Well you could avoid that by hemming yourself in with multiple caveats as to why no one can take anything tangible from the experience. Arthur’s not so much rationalising as saying some things borrowed from elsewhere did work, and these were they.

    I think the invitation is to sample, listen, vary, apply and only amplify those things that seem to work for you in your situation.

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  11. Mick Fealty (profile) says:

    Twilight… Yep, that could be very useful…

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  12. wild turkey (profile) says:

    Mick

    thanks for this post. it is an exemplar of what, on a good day, slugger can be.

    Paul Arthur was in a measured low key way thoughtful and insightful. “every group believes their conflict is sui generes”
    regardless of the particular topic, this probably underlies and informs about 95% of the comments on slugger

    i particularly liked the concluding contribution from prof Anatol. how many american and british politicians, and their associated military chiefs of staff, had ever heard of the battle of Maiwand?

    probably a number similar to the current point spread on the NY Giants NE Partiots superbowl next weekend. but at least the bookies do their research when setting the odds.

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  13. cynic2 (profile) says:

    Mick

    I am sorry but that was what I was doing!

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  14. aquifer (profile) says:

    The Brits established their bone fides by increasing opportunities for Catholics and nationalists, making very clear that there was to be no second class citizenship in NI.
    The inference was always that they were open to a political settlement along the same lines, especially as they tried to initiate one at least twice. This prevented armed separatists getting more political leverage.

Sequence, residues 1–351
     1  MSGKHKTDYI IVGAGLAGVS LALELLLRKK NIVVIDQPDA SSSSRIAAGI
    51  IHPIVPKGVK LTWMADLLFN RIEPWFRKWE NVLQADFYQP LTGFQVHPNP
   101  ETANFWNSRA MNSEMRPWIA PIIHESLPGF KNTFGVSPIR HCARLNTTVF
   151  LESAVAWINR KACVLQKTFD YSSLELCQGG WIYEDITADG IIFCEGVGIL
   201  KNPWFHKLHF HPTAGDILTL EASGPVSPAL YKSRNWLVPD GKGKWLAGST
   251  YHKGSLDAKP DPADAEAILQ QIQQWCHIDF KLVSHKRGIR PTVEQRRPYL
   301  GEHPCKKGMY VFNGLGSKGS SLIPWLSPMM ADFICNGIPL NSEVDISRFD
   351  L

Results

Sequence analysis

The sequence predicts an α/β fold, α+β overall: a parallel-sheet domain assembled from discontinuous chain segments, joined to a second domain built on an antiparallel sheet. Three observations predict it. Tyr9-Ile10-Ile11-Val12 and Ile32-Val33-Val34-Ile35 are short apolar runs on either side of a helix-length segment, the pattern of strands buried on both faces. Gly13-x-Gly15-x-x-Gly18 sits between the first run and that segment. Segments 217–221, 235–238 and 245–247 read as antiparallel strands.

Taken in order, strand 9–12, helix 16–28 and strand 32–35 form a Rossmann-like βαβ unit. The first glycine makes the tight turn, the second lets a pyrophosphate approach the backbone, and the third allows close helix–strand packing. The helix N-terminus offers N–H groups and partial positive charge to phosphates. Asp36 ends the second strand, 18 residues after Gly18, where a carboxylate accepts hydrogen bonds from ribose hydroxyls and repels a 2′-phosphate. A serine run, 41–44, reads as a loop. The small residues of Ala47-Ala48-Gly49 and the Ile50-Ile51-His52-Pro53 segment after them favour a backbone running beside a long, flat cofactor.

Brits maintained the rule of law in the main, so citizens understood that if they complied they would be fine and could keep their property and freedom. The security forces behaved better than the paramilitaries in human rights terms. No death squads in the extravagant and cruel South American sense.

    Having critical friends like ROI and USA engaged helped to keep pressure on the UK state to facilitate any viable solution despite its conservatism, and their engagement made a return to violence less viable. The UK were also out of excuses when they let Scotland and Wales devolve.

    And yes hard power. The securocrats closed off the option of a long war by knowing their enemy inside out and by ensuring the loyalist paramilitaries were targetting and hitting separatists rather than catholic civilians. Too lazy to get the votes out? Rather have a Bedouin dictator help you engage in armed blackmail and atrocity exhibitions? Want to set up a colder wetter Cuba? Tough luck.

    And did Sinn Fein ever have an idea to do with the Prods? False consciousness does not quite cover an attachment to a relatively successful powerful and resilient state with good standards of ethical behaviour. I mean half the Irish are in Britain already. Provos were never going to get to load the Prods onto railway trucks or ferries without some serious scuffles or UN objections so had to try something else.

    But democracy is rare recent and fragile in history and terrorism is cheap in a world flush with cash, Heroin money cocaine money oil money protection money silly sentimental old man money trying to put life into the ideas of dead men and dead ideas. And putting real human life into bin bags.

    What if the Provos had just not bothered?

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  15. joeCanuck (profile) says:

    If the Provos hadn’t bothered and/or Paisley and the “loyalists” hadn’t destroyed the Sunningdale arrangements, we would be much further along towards what is considered “normal” by peaceful parts of the world.

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  16. Mr Ulster (profile) says:

    @Twilight re guest bloggers — @Mick talk to me about this — I can tap a vein via our Forum for Cities in Transition network

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  17. [...] That joyous moment gave rises to a fatalistic trust in an inevitably progressive future. If people want it to change they must once heed the sage advice of Paul Arthur (a key player in the track two negotiations that lead to the signing of the GFA) and rise once again above the fatalism generated by our own “sui generis” politics… [...]